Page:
The word “beneficiary” is a legal term defining simply the person or persons designated as the lawful heirs upon the decease of a third person. In the hands of the social justice warriors (SJW), the term has assumed a new and sinister significance. The word’s original usage requires an object, i.e. the full phrase is “beneficiary of –.” The SJWs use the word without an object as a smear.
As an insult, “beneficiary” first entered popular consciousness around 2008 – 2009, when the Occupy Wallstreet protestors repeatedly used it in interviews. Mostly, the protestors threw the word out while waving a hand in the general direction of Wall Street – most of the encampments and rallies were nowhere near the actual financial district – and ranting about a mythical capitalist system that was out to oppress them. This was also the time that the phrases “the 99 percent” and “the 1 percent” entered popular vocabulary.
Even early into the protests, it became apparent that the majority of Occupy mudslingers were not the put-upon masses with which they identified. While the nation’s premier openly center-left newspaper, the Washington Post, was (sort of) sympathetic, columnist Ezra Klein wrote,
Let’s be clear. This isn’t really the 99 percent. [….] But imagine yourself as a young person who took out loans to go to college, got good grades, and has graduated into an economy that doesn’t seem to want you. You did everything you were told, and it didn’t work out. [….] The top 1 percent account for 24 percent of the nation’s income and 40 percent of its wealth. There are a lot of people who don’t seem to be doing everything they’re supposed to do, but it seems to be working out just fine for them [….] It’s that 99 percent of Americans sense that the fundamental bargain of our economy – work hard, play by the rules, get ahead – has been broken, and they want to see it restored.
The last two sentences of Klein’s assessment are the crux of the “beneficiary” mentality. For the Occupy people and their apologists, beneficiaries are exactly those who didn’t do “everything they’re supposed to do” but are successful nonetheless.
The parting shot from Klein, that “work hard, play by the rules, get ahead” as a “fundamental bargain,” is an indicator of a cultural factor that has fueled the dialogue around systemic change and success: Americans are obsessed with creating rules, guidelines, frameworks, or any type of rigid structure. This sounds counterintuitive, especially for anyone who has walked the streets of Manhattan or ridden the subway, where incivility and absolute disregard for the rules of etiquette abound, but it is the difference between the micro and the macro. Americans are perfectly happy to have a chaotic micro system, completely ungoverned by rules – “it’s a free country, of course one can throw rubbish onto the metro tracks!” – provided that there is a set of reliable norms at the macro level – “one is immediately entitled to a well-paid job on the strength of a university diploma!”
The mentality is very childish, not unlike a toddler who creates chaos through hurling toys but requires the stability and predictability of fixed meal and nap times. This development of the infantile American is quite recent, really only appearing after World War II. Incidentally, the model suggested by Klein as normative dates to the immediate post-War period, when it was true that university graduates received ample opportunities and recompense simply because they were a miniscule percentage of the population. As degrees became more common, the market, ever impersonal, adjusted. Hence many banners at the Occupy protests featured slogans about people mattering most, e.g. “People not profits.”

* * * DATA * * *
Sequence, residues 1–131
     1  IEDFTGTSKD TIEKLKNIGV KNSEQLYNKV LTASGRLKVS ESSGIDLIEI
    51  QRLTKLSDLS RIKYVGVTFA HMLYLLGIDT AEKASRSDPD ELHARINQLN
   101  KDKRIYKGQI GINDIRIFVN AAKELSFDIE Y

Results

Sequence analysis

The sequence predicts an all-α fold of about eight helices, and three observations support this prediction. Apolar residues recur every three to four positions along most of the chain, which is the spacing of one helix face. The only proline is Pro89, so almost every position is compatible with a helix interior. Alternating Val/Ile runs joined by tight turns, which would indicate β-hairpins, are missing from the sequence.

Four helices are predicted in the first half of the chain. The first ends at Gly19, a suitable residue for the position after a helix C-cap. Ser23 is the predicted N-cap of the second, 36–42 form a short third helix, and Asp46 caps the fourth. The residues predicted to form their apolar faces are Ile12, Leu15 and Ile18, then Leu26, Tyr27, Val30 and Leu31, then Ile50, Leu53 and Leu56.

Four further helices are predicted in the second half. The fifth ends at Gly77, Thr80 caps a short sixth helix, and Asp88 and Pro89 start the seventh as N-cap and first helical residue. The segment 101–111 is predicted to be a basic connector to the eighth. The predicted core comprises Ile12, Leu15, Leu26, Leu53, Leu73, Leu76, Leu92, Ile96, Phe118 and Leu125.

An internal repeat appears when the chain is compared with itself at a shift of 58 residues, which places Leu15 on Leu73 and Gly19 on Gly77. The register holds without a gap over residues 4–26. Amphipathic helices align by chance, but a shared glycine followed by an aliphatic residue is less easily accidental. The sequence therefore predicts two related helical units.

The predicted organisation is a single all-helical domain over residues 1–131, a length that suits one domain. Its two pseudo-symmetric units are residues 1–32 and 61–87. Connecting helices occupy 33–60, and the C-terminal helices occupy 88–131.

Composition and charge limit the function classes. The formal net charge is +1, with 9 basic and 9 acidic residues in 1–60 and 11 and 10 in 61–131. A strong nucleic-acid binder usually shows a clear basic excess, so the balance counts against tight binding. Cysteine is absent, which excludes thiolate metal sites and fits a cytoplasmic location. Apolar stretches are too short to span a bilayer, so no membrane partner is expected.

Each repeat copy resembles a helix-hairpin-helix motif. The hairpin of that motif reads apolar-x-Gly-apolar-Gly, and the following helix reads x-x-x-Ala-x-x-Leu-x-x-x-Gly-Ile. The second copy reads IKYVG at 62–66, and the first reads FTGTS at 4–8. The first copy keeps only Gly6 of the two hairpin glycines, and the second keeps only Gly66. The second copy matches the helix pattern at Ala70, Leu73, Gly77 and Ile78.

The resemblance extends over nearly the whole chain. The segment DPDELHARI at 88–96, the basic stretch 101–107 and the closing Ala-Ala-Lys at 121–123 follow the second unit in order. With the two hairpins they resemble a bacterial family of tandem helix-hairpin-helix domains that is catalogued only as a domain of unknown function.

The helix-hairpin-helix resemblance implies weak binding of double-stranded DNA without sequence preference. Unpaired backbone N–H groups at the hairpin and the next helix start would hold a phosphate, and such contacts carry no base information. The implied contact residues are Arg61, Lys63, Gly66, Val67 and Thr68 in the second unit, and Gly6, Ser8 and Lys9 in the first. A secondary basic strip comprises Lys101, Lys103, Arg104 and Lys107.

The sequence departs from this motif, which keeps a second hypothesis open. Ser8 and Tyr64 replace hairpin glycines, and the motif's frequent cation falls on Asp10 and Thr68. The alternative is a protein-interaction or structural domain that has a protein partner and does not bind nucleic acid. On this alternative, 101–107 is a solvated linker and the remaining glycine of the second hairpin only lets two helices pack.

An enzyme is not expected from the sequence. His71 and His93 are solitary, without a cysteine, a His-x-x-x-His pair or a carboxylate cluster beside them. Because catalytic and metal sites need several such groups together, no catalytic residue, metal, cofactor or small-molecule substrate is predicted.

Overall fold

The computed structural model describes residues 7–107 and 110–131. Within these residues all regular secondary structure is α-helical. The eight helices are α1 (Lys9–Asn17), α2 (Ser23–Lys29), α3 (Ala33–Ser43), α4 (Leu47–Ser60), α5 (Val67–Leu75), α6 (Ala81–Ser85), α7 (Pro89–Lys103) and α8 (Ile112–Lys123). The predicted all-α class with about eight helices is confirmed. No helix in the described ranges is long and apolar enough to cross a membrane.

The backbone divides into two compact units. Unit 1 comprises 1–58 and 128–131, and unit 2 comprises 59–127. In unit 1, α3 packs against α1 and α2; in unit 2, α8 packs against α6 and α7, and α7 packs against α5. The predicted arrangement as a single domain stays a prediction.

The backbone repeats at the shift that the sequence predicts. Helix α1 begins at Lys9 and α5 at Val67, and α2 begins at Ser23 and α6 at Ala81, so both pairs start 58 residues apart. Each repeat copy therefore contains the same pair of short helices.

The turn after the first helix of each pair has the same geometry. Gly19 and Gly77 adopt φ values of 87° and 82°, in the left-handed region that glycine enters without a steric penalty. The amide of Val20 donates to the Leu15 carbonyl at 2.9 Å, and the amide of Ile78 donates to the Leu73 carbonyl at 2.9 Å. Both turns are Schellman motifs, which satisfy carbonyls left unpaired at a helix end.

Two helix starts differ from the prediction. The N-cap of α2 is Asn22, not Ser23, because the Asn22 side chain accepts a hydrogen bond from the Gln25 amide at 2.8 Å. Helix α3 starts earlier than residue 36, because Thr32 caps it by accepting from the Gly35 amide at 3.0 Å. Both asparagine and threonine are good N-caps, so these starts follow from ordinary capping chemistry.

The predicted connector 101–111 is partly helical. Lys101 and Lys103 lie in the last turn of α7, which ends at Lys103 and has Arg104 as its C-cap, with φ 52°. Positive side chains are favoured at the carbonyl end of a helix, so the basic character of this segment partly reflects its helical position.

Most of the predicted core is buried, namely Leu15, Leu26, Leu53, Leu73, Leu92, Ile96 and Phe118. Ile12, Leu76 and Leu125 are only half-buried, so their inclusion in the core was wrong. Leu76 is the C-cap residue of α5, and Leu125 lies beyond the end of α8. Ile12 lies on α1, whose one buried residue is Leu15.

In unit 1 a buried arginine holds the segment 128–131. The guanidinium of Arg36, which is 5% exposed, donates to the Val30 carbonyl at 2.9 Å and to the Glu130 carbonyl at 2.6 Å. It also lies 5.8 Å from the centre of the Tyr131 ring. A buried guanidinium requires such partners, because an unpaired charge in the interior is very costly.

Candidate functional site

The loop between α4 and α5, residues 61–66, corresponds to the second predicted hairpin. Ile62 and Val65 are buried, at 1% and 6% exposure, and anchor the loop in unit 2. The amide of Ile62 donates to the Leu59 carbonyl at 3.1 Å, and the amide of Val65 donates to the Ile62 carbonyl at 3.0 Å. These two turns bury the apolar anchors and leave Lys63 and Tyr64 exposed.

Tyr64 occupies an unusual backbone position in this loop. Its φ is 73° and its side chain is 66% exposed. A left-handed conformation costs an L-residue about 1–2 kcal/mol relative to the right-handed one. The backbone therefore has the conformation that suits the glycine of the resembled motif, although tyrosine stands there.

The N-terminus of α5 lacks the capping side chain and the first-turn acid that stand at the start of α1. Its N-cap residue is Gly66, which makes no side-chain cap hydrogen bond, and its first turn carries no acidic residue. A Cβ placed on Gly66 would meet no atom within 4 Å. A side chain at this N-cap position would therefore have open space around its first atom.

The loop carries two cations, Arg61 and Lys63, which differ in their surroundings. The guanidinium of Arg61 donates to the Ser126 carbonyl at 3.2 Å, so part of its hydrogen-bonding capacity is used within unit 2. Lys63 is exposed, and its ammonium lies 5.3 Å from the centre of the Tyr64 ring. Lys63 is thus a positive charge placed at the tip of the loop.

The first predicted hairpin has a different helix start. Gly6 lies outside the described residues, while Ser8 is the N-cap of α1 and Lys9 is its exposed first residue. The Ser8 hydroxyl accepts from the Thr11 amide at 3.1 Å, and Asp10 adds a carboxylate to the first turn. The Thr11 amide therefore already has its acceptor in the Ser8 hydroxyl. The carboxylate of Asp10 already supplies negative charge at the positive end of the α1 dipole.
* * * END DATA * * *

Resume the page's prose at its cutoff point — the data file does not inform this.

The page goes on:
The christening of the group that adapted to change as “beneficiaries” reflects both a childlike opposition to change and an overarching vilification of flexibility and innovation. As early as 2004, author Dinesh D’Souza identified the oncoming “inequality” of the systemic divide in his book The Virtue of Prosperity: Finding Values in an Age of Techno-Affluence, which examined the effects of the technology-driven increase in collective quality of life while creating a massive wealth gap (the 1 percent targeted by the Occupy people five years after the book’s publication). Concerning an interview with Eric Schmidt, tech CEO and self-made millionaire, D’Souza wrote,
I ask Schmidt about another group that seems to be excluded from the new prosperity – the hard-working guys who play by the rules and feel shut out of the kind of money that high-tech twenty-five-years-olds make. What does Schmidt have to say to him? “Sorry, buddy,” Schmidt answers, “but you played by the wrong [italics original] rules.”
Schmidt’s answer is the politically incorrect explanation for the existence of “beneficiaries” and the not-really-99 percent who spent approximately two years (police cleared the Zuccotti Park camp in November 2011) raging about the failure of the system. For the protestors, some people had “won” by flouting, to all appearances, some vague rules and rejecting an established system. Since by their logic it was impossible for the system to fail, the only alternative was that the successful achieved through insidious means.
Today, the discussion in America centers on the idea of “rebuilding the social contract.” The word “contract” is a dangerous omen. It implies a promise that will be maintained by someone; there is a suggestion of legal obligation. Since the American context for “social contract” implicitly signifies a pseudo-society that has neither “beneficiaries” nor a 99 percent, it is a promise that is impossible to fulfil. Considering that the “beneficiaries” and their actions have, as Dinesh D’Souza recounted, improved the aggregate quality of the nation’s living standards, there is a question that must be asked: Is the social contract actually broken?